Retailers have bumped up their investments to adapt their businesses for e-commerce. Best Buy is testing stores where it devotes more square footage to fulfilling online orders than showing off flat screen TVs and smartphones. Walmart and Kroger have both announced plans to invest in automation to keep up with the volume of online grocery orders. Walmart is adding high-tech automated systems to dozens of its stores and Kroger plans to open at least 11 giant facilities with Ocado. The first two of Kroger's sheds will open in the next few weeks.
"As society has leapt into a new digital era, so has Kroger," CEO Rodney McMullen said at an investor day last week. He said the company will double its digital sales by the end of 2023.
Restaurant chains have taken the cue, too. McDonald's is closing hundreds of restaurants inside of Walmart stores and chains like Sweetgreen and Shake Shack have announced plans to add drive-thru lanes, as diners opt to order from inside of their cars. Chipotle Mexican Grill said it's accelerating plans to add more "Chipotlanes" to its footprint, too.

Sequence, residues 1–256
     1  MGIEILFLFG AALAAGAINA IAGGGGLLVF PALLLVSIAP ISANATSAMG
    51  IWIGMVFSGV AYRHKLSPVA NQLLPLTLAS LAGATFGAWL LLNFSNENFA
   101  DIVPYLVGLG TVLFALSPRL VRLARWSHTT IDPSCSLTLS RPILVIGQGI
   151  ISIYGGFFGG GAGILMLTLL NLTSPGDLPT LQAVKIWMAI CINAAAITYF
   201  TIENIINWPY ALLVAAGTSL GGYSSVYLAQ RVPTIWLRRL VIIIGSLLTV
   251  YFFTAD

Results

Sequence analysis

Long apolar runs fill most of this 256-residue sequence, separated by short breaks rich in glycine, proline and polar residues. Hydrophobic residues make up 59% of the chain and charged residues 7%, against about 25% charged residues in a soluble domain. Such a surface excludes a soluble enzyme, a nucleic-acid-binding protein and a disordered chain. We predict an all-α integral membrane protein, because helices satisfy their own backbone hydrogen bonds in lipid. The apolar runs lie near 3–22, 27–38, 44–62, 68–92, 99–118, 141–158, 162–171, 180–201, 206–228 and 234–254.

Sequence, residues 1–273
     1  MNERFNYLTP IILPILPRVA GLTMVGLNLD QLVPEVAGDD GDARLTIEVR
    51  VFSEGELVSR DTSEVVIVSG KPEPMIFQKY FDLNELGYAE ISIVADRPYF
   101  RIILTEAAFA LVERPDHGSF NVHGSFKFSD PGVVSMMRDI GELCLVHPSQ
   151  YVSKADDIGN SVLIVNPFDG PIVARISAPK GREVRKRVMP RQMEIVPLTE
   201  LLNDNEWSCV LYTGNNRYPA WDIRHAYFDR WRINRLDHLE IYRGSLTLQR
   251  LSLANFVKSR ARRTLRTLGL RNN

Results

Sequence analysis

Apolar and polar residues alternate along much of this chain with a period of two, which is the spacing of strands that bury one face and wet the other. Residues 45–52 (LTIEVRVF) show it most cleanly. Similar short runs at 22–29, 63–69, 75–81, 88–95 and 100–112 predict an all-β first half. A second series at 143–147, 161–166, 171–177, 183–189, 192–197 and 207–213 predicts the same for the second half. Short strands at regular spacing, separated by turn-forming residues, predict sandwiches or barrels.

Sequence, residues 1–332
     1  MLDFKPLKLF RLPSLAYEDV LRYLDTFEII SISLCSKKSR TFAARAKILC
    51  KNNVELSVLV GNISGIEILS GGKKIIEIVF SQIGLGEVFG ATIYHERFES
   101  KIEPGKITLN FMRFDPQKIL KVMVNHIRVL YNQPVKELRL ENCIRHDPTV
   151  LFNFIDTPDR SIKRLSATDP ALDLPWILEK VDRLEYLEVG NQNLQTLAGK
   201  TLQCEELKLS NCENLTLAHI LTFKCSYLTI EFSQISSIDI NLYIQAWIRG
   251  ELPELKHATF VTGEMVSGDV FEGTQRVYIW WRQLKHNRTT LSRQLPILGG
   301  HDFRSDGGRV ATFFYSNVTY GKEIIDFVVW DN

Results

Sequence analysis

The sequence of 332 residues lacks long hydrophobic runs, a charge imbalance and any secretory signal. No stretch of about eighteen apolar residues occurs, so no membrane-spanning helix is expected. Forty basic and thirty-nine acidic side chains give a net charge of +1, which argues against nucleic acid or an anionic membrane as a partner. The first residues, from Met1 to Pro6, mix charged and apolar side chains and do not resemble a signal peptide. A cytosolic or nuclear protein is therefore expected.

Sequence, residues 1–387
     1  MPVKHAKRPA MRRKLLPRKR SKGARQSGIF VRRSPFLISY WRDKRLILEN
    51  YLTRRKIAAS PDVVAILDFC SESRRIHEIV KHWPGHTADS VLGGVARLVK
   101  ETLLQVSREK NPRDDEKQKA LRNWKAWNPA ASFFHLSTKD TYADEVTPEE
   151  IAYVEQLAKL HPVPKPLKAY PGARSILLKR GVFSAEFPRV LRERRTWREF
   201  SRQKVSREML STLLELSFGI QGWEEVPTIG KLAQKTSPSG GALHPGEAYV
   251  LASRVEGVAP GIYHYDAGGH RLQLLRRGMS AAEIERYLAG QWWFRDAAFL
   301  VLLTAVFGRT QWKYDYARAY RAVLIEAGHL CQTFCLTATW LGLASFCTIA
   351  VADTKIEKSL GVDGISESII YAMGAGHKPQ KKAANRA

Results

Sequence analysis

Even as its dining rooms open up again, Chipotle Chief Financial Officer Jack Hartung said online sales have stayed strong.
"The pandemic, of course, really put some turbocharge behind our digital business, but as we're starting to see Covid moved behind us — and we still have a ways to go — we're keeping most of that digital business, about 80%," Hartung said in an interview on CNBC's "Closing Bell" on Friday.